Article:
The New York Times recently ran an article regarding the cost of diabetes, causing an outbreak of conversation in the diabetes community. Diabetes Forecast magazine editorial director, Kelly Rawlings, weighs in with her own thoughts:
I like it when an article about diabetes shows up on the front page of a major newspaper.
Diabetes and the nearly 26 million people living with it deserve respect and understanding—and more media coverage. When The New York Times runs an article called “Even Small Medical Advances Can Mean Big Jumps in Bills” and slugs it “Type 1 Diabetes,” it’s a must-read for me.
I hope you’ll read the article, too. The story gets some parts of diabetes so very right—and some parts so very wrong.
Elisabeth Rosenthal writes about the very real personal expenses related to taking care of diabetes, and the constant vigilance it requires. She asks about type 1 diabetes: Do pharmaceutical and device companies make too much profit from diabetes products that people need? Why do we pay so much more in the U.S. than people In other countries pay for medications and supplies? Good questions!
I can’t forgo insulin, insulin delivery devices and the blood glucose test strips that I need to treat my type 1 diabetes. The costs are substantial (although at least I no longer can be denied health insurance coverage because of my pre-existing condition). I depend on the drugs and medical devices that the FDA clears, the companies make, my doctor recommends for my therapy and my health insurance covers.
I would like to trust that companies make a fair profit, one that allows them to maintain quality control, customer service and research and development budgets for innovation. I welcome more transparency from those for-profit businesses. Of course, our fragmented health care and free market systems also contribute to how prices are set. And, as the article states, the U.S. bears the brunt of the research and development costs for new drugs and devices—and pays more for them when they reach the market. Do test strips, for example, really need to cost more than $1 each?
The article implies that ongoing daily care for chronic diseases may be more expensive than hospital or emergency care. We know, however, that managing blood glucose levels on a daily basis greatly reduces the risk of long-term damage to our hearts, kidneys, eyes and limbs—and the very expensive hospital care such complications require. I care about reining in costs and wasteful or ineffective spending, but I think we also need to weight our cost-benefit formulas to favor quality of life.
My employer, the American Diabetes Association, estimated the 2012 costs of diabetes at $245 billion—$176 billion are direct costs and $69 billion are indirect costs. Forty-three percent of the direct costs are from inpatient hospital care—for severe and life-threatening blood glucose emergencies and for the treatment of diabetes-related complications such as heart and kidney damage. Such damage is the result of years of high blood glucose levels, long-time diabetes and other health problems, plus some factors science hasn’t yet untangled. Just 12 percent of total direct costs are from the blood-glucose-lowering medications and diabetes testing supplies we use every day.
The article implies that newer insulins and improvements in insulin delivery and blood glucose monitoring devices aren’t necessary. Yet the Association’s Standards of Medical Care in Diabetes guidelines (based on proven medical evidence) recommend the use of “new” (and yes, more expensive) insulin analogs for people with type 1 to reduce the risk of hypoglycemia. The guidelines also suggest using insulin pumps or multiple daily injections and blood glucose monitoring, based on what’s best for each person.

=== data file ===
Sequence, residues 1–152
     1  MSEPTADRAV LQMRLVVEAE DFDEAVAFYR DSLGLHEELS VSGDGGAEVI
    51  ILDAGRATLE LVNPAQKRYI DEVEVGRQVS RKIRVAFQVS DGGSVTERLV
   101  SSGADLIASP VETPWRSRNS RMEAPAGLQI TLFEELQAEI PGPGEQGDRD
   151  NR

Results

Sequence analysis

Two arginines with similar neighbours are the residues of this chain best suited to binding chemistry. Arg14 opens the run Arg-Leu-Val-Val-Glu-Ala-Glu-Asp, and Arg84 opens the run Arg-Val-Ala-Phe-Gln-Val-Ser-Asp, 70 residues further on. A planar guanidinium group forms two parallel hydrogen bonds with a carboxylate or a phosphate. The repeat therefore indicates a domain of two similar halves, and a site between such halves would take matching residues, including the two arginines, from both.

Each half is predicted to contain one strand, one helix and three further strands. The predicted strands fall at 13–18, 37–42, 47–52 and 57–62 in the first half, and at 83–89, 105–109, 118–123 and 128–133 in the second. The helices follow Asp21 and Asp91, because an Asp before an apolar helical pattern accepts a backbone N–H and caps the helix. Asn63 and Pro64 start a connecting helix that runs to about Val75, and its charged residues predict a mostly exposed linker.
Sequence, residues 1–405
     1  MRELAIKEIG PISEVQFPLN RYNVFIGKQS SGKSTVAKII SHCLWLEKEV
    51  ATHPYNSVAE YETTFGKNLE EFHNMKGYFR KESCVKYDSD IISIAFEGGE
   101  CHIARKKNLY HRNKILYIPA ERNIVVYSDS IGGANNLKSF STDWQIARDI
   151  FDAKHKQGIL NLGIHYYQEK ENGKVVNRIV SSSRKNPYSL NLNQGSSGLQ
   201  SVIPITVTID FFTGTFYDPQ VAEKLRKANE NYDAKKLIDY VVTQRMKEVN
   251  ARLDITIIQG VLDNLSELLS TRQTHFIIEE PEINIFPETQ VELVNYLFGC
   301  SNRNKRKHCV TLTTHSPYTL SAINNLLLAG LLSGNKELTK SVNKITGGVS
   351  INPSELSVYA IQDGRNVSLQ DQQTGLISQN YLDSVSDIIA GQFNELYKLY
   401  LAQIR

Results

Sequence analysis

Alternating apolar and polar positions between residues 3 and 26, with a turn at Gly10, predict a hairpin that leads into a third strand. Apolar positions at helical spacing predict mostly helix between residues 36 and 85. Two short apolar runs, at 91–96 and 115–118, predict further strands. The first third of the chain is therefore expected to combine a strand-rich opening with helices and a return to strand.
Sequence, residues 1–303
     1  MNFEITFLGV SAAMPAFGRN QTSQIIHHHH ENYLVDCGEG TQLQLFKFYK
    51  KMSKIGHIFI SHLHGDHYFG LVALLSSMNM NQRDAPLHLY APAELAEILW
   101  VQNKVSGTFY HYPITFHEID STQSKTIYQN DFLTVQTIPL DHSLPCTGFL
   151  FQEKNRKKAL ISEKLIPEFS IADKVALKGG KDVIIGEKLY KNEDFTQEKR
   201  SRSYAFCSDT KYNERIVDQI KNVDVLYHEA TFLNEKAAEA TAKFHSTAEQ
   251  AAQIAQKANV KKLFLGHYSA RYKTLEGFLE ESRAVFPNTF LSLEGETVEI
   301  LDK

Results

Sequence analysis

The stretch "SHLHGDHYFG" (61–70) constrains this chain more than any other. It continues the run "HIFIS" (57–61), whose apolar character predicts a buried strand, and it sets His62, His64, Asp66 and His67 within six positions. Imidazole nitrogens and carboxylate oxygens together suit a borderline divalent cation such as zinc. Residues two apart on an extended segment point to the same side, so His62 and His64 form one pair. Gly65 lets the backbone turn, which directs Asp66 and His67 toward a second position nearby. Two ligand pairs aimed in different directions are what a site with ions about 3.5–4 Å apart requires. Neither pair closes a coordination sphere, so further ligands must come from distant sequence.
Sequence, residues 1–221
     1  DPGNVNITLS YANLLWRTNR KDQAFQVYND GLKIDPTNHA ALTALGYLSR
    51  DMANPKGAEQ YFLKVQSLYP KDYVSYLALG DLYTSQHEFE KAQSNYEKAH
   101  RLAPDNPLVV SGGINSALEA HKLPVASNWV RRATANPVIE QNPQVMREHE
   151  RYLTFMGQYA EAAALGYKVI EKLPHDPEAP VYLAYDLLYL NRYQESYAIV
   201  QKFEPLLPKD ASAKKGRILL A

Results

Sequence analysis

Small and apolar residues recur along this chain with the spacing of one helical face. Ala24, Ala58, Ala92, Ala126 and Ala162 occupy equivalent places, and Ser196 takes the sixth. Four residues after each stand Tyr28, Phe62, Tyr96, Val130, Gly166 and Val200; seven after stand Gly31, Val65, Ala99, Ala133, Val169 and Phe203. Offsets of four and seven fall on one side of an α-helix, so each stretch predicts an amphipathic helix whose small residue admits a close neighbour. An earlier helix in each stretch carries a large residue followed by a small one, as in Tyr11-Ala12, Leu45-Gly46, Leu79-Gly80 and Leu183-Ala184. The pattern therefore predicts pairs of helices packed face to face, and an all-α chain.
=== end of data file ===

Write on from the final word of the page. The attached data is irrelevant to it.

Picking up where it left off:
The article implies that insulin is not “medically necessary” for people with type 2 diabetes. That’s flat-out wrong—and dangerous. The 1 in 4 people with diabetes who use insulin—most of them have type 2 diabetes—would be very sick indeed without various formulations of that wonder drug.
Insulin pumps help us dose and deliver insulin safely, precisely and consistently. Blood glucose meters and continuous glucose monitors help us know whether blood glucose levels are in the narrow safe zone and provide information that we can use to adjust medications, food choices and physical activity. So many variables. So many daily adjustments. Better, smarter tools help.
The insulin, pump and meter I use today are vastly improved compared to the old-school insulin, syringes and color-changing Clinitest urine glucose tablets my parents and I used to treat my diabetes circa 1973. My blood glucose is at safer, healthier levels. Credit is due to my hard work, to great health care, to research and advocacy efforts supported by volunteer organizations such as the American Diabetes Association and to knowing how to use these improved tools.
Rosenthal unfairly disses manufacturers for making only small, unimportant updates to products and for aggressively marketing the medical devices that the article dismisses as “gadgets.” My insulin pump is a life-sustaining medical device, not just a gadget. Diabetes is the true enemy. Not corporations or the human desire to protect and improve health, to innovate, and to change lives for the better.
I’m an insulin-vial-half-full type of person, however. The New York Times article—despite its flaws—has inspired some important conversations, like this open letter from my friends at DiaTribe. People are talking about how we can work together to ensure that all affected by diabetes can afford to take care of it on an everyday basis at home, work, school, and play—where we’d much rather be instead of in the hospital.
I hope you’ll add to the conversation.
Kelly Rawlings has lived with type 1 diabetes for 41 years. She’s the editorial director of Diabetes Forecast magazine. Her insulin pump is blue; her blood glucose meter beeps but doesn’t talk.